UEFA President Michel Platini Accuses Sepp Blatter, Jerome Valcke Of Disrespecting FIFA
The row at FIFA over the timing of the 2022 World Cup "intensified on Thursday" after UEFA President Michel Platini accused FIFA President Sepp Blatter and FIFA Secretary General Jerome Valcke of "disrespecting their own executive committee," according to Ben Rumsby of the London TELEGRAPH. Platini condemned Blatter and Valcke for their "repeated public pronouncements indicating the tournament in Qatar would be moved to November or December." Platini: "When the executive committee was held in early October, it was decided to launch a major consultation of all football and no decision would be taken before the 2014 World Cup in Brazil. It was agreed not to talk about this before then" (TELEGRAPH, 1/9).
HESITATION DAMAGING IMAGE: FOX SPORTS' Simon Hill opined FIFA "may well be distancing itself" from Valcke's comments, but "be in no doubt, this is a fait accomplis." So, accepting that "by this time next year, the football calendar has been reorganised completely," that broadcasters (particularly in the U.S.) have been "assuaged, and that legal challenges have been brushed aside, where does that leave the game, the governing body, and, most pertinently, football in this country?" Significantly "weakened on all fronts if you ask me." What FIFA has "never understood is the impact these inexplicable decisions have on countries where football is not the number one passion." If only they could "spend a few months here, getting to know the very different sporting landscape of a country like Australia." Perhaps then they would "understood the damage this does to the image of a game" we describe as "beautiful," but which has "shown itself to be very ugly indeed, in the way it has fragrantly disregarded its own protocol in the World Cup decision-making process" (FOX SPORTS, 1/9). The AP reported "rather than ending the ongoing confusion about exactly which month the 2022 World Cup in Qatar will be held, attempts by FIFA to clarify the issue -- and they come regularly -- tend only to muddy the picture." One minute a "consultation process is being established to talk to leagues and federations; the next a FIFA executive is blurting out his beliefs, sending the media into chaos anew." It has become "widely accepted, except maybe in Qatar, that holding football's biggest tournament in the desert Gulf nation during the searing summer months poses a potential health risk." Even FIFA's inspection team "ahead of the vote highlighted possible dangers to fans and officials who travel around the tiny country away from air-conditioned stadiums" (AP, 1/10).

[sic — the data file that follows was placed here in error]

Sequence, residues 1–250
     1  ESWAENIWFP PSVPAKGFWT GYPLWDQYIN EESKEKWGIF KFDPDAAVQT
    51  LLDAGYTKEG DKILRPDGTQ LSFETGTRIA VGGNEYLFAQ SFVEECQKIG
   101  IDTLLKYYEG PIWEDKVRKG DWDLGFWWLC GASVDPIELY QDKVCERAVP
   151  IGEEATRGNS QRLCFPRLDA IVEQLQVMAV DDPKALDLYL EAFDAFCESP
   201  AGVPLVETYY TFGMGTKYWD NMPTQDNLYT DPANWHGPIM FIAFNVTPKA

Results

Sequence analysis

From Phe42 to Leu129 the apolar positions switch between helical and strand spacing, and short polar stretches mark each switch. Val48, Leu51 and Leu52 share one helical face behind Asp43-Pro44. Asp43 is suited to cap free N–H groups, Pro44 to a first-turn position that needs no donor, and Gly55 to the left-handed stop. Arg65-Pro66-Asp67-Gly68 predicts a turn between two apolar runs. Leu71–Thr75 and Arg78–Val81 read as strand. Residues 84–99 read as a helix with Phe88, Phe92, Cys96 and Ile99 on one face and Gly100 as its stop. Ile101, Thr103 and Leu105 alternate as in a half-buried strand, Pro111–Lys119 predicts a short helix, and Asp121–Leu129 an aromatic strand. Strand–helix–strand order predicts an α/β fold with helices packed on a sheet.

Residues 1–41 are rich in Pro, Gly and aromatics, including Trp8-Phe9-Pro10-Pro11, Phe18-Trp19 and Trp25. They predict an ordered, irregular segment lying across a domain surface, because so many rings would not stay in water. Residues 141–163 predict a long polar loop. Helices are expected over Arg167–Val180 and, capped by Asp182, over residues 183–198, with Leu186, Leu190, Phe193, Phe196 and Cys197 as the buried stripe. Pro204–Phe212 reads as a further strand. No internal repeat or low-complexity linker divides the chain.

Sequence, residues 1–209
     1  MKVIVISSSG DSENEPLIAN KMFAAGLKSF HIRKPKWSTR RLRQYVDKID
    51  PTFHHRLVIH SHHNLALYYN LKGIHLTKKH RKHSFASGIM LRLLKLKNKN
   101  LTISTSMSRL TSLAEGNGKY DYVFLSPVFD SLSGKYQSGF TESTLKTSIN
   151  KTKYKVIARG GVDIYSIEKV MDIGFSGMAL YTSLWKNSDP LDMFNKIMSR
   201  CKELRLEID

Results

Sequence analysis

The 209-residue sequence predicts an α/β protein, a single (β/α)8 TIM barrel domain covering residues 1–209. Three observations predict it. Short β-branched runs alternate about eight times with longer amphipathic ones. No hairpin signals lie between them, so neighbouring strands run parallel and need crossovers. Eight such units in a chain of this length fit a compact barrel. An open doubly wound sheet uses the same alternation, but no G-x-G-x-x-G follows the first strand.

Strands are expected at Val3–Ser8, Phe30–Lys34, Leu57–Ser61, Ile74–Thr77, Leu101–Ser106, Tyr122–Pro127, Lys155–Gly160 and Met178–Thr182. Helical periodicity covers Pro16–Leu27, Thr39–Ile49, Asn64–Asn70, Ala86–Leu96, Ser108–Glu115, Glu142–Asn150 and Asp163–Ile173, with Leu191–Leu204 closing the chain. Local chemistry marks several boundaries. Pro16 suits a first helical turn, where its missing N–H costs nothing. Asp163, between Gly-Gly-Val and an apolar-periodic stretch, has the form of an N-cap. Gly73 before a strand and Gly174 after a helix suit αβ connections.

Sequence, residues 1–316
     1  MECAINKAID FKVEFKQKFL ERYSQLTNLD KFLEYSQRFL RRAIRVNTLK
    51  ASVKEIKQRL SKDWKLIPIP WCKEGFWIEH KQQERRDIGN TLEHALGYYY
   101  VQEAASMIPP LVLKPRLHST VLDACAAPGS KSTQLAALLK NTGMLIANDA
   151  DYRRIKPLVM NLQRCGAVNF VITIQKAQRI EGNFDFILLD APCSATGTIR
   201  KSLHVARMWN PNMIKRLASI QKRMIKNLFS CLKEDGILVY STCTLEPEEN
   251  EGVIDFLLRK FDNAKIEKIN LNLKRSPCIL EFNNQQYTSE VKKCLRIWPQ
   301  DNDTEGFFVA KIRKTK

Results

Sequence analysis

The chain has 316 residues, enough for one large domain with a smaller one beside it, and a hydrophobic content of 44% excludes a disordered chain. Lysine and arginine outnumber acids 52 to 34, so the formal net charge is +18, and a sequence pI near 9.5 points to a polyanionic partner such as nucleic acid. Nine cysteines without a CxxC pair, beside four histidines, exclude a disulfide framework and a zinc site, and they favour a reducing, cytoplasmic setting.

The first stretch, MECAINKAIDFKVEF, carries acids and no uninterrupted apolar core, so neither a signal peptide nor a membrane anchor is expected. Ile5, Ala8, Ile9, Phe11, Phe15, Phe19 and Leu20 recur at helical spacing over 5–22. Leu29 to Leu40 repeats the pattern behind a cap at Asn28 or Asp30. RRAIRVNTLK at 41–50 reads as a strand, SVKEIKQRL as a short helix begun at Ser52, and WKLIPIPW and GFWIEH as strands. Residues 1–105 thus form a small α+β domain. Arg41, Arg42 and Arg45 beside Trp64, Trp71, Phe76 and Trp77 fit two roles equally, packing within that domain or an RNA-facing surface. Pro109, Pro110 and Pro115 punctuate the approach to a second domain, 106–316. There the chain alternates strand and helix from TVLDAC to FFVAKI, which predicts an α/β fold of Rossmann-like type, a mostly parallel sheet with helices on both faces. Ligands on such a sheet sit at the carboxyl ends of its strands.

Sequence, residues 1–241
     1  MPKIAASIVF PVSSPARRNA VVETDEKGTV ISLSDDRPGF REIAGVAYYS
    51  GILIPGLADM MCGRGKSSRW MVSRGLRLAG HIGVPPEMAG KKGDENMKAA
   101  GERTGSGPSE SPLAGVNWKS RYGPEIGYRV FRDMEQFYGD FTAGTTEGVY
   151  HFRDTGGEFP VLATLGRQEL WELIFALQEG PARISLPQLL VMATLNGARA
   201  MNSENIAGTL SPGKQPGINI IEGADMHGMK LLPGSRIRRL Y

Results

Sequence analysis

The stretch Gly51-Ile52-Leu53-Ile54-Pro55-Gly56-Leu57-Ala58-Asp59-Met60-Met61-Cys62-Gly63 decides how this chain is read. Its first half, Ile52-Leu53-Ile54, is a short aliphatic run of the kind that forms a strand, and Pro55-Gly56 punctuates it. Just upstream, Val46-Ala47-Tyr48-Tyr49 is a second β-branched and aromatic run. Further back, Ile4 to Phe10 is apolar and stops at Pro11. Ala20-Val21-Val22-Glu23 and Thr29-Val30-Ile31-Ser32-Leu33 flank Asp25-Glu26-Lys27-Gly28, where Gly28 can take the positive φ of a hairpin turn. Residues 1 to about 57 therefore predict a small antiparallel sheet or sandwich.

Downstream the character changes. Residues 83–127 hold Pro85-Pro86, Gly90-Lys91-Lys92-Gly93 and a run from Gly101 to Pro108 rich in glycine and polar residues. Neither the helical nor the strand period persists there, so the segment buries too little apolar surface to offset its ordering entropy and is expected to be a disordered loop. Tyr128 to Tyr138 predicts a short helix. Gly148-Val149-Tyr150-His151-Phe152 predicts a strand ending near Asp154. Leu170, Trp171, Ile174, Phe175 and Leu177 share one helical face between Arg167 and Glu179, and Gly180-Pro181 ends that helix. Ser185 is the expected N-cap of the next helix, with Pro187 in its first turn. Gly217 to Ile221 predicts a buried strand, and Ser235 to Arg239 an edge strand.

TEBAS CHIMES IN: In Madrid, Luis Martín reported Spanish Football League President Javier Tebas said of holding the World Cup during the winter, "I do not like stopping competition, in this case La Liga, but since the World Cup was awarded to Qatar, we knew this was going to happen, so we should look for solutions." In "regards to whether he was surprised by what Valcke said," Tebas said, "It is no surprise. We need everyone's effort, but it does not seem excessively serious to me, it is not overly dramatic" (EL PAIS, 1/8).